Allaster Finke, GlassHouse senior consultant, outlines five reasons that storage can fail. If any of these five reach critical mass, and are either ignored or not thought through properly, then they could become the biggest hurdle in the recovery or progression of your business.
A sea change is taking place in the world of IT. Many companies have been looking at smarter ways to approach storage strategies. This stems either from necessity (they are approaching critical mass on capacity, serviceable life, or functionality) or the understanding that by managing the operating environment that houses their data more intelligently, they can realise real cost benefits in both the short and long term.
There is no denying that increased functionality brings added complexity. The demands on in house skills to help operate some of these technologies can often push the budget requirement beyond acceptable levels. Even with the skills in house, in some cases, the core infrastructure to support a given technology may not be in place, and not viable for upgrade.
A while ago, I worked for a mid-sized company who identified a business need to stream broadcast quality video to target customers. Whilst the business strategy called for this service, the IT infrastructure would have required a massive overhaul to be able to support it.
To progress the delivery of this new revenue stream, a hosted service for the provision of this system was engaged and the time-to-market for the new service was much faster than if they had tried it themselves.
By tactically choosing the areas they knew they could support and farming out those too costly for them to invest in, they developed a new and very profitable facet of their business very quickly – and made sure that the gap for that product was not filled by one of their competitors.
Management of costs
Do you know how much your data is worth? Does the cost of the technology it resides on match the value of the data to the business?
Those companies who have taken the time to understand the value of their data and classify it in a way that allows them to position it onto different cost tiers have quickly redrawn their architecture and strategy to a more economic model. They've ensured that ongoing costs and capital expenditure is led by necessity rather than the selling skills of the vendor.
There are a series of steps that can be taken to improve the configuration of a storage area network. I have seen many environments where historical and compounded miss-management of the physical environment has impacted daily operations by increasing the time spent in fault finding, planning and implementing fixes or delivering new implementions within a nest of network cabling.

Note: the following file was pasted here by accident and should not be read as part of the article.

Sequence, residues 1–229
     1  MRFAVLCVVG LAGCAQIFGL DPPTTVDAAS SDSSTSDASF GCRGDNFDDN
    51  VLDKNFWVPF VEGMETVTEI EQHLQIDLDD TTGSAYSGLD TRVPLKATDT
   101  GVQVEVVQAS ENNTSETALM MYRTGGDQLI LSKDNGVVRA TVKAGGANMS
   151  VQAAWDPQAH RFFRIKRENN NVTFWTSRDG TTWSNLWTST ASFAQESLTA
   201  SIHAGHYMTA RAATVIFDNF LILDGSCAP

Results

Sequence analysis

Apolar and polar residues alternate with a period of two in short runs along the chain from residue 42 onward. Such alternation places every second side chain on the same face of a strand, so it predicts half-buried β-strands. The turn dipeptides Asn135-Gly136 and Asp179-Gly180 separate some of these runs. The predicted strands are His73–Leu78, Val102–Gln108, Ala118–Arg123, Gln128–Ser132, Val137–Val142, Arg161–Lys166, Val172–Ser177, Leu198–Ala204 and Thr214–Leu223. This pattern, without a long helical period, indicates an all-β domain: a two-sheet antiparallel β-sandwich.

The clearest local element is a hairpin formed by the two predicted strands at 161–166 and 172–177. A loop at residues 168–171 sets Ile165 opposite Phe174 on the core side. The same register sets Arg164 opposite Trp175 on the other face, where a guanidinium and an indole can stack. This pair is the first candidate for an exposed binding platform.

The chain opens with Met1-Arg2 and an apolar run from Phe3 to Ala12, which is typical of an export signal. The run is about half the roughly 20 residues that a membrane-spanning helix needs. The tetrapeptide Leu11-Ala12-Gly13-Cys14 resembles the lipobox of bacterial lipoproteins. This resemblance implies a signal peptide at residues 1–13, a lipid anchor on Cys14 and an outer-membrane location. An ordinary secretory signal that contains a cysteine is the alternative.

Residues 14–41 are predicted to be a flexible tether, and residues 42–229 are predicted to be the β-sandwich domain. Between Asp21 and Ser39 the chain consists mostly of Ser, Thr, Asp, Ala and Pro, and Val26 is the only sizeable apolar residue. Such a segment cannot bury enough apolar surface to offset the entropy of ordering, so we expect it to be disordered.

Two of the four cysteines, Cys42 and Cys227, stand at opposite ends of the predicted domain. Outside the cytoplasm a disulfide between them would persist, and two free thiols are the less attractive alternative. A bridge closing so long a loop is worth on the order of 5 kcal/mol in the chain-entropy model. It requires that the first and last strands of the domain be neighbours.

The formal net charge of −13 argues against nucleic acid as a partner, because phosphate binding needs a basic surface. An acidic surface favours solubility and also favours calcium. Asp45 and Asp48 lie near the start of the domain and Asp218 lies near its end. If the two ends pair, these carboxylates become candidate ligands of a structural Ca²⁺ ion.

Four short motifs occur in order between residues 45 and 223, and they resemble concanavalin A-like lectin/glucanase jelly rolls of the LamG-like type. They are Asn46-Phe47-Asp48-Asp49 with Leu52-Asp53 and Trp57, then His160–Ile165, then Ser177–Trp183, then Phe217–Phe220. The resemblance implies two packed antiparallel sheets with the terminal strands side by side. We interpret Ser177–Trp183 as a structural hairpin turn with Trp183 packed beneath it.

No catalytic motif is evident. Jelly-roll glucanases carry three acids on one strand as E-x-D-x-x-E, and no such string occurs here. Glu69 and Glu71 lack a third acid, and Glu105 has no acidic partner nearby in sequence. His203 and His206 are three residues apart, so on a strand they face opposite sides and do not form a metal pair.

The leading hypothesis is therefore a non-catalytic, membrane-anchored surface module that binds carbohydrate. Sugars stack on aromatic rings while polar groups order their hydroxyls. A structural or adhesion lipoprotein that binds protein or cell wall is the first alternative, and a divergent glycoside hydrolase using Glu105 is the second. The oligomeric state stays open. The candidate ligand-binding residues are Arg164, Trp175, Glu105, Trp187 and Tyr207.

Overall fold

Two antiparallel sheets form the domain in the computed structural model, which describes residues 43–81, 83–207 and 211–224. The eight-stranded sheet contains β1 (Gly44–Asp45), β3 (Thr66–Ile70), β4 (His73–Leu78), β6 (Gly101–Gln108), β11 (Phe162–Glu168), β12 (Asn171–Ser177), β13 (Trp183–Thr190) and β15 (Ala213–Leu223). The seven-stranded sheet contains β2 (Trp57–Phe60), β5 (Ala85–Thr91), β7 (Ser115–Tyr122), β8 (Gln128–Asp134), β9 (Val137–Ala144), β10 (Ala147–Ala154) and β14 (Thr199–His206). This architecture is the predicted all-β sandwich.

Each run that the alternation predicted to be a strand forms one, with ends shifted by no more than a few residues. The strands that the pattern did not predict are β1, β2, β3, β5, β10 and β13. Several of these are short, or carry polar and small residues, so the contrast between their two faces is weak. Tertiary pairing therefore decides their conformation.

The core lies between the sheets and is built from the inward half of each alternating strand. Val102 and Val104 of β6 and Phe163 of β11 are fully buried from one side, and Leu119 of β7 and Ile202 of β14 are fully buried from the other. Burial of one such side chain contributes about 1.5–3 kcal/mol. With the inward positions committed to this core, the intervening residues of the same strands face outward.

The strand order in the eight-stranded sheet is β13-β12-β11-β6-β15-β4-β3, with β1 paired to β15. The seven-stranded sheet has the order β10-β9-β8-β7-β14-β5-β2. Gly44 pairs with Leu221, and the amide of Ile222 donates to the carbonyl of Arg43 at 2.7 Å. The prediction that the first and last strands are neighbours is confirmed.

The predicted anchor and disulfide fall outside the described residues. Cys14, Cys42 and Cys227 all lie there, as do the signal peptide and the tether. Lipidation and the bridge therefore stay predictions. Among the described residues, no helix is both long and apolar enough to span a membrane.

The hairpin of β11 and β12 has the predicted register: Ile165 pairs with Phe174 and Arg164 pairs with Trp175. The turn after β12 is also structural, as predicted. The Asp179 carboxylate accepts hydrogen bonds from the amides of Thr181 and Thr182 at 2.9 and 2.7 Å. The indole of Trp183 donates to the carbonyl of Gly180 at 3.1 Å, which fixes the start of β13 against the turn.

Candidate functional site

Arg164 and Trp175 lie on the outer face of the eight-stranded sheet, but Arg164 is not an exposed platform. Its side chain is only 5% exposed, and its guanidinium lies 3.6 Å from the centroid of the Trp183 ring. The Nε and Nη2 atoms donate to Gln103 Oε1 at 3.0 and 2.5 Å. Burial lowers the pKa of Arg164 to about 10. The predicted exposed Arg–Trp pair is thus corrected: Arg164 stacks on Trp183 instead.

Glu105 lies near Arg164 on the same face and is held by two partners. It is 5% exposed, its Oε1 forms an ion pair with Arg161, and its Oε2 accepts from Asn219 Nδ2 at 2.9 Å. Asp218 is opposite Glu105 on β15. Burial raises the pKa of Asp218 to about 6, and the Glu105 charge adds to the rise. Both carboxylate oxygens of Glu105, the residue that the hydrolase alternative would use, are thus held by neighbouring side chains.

If most of the administration team’s time is spent dealing with compounded issues, then limited time can be spent planning the developing the environment, reacting to business needs or increasing current capabilities
There is no avoiding the growing argument around reducing our impact on the environment – even if your sensibilities do not lean towards the moral argument, being ‘green’ offers an enhanced business image and goes a long way to reducing costs.
Considering a technology (virtualisation or MAID storage arrays) that reduces the dependence of physical space, power, and cooling requirements is a great way to achieve this.
Refreshing power hungry legacy arrays, virtualising storage to make better use of your current technologies, or de-duping your data to reduce your storage footprint are simple ways to increase your image and reduce your costs.
Did you know that within a year, the introduction of new legislation makes carbon reduction a priority? The Carbon Reduction Commitment (CRC) binds large organisations into purchasing carbon allowances to cover their carbon emissions. At the end of each year, each of the companies in the scheme will receive either a bonus or a penalty based on how well they have performed.
It is worth noting, however, that currently the scheme only affects larger organisations – to quote www.carbontrust.co.uk (opens in new tab) “In its current proposed format, the CRC will cover all organisations whose electricity consumption through half hourly meters is greater than 6,000MWh/yr – equivalent to an annual electricity bill of ~£500k.” I can’t help but dwell on the ‘in its current format’ part of that statement…
The crux of all these initiatives is that by streamlining the way you manage your storage, and thinking smarter, you can ensure that your storage environment compliments your business, rather than restricting it.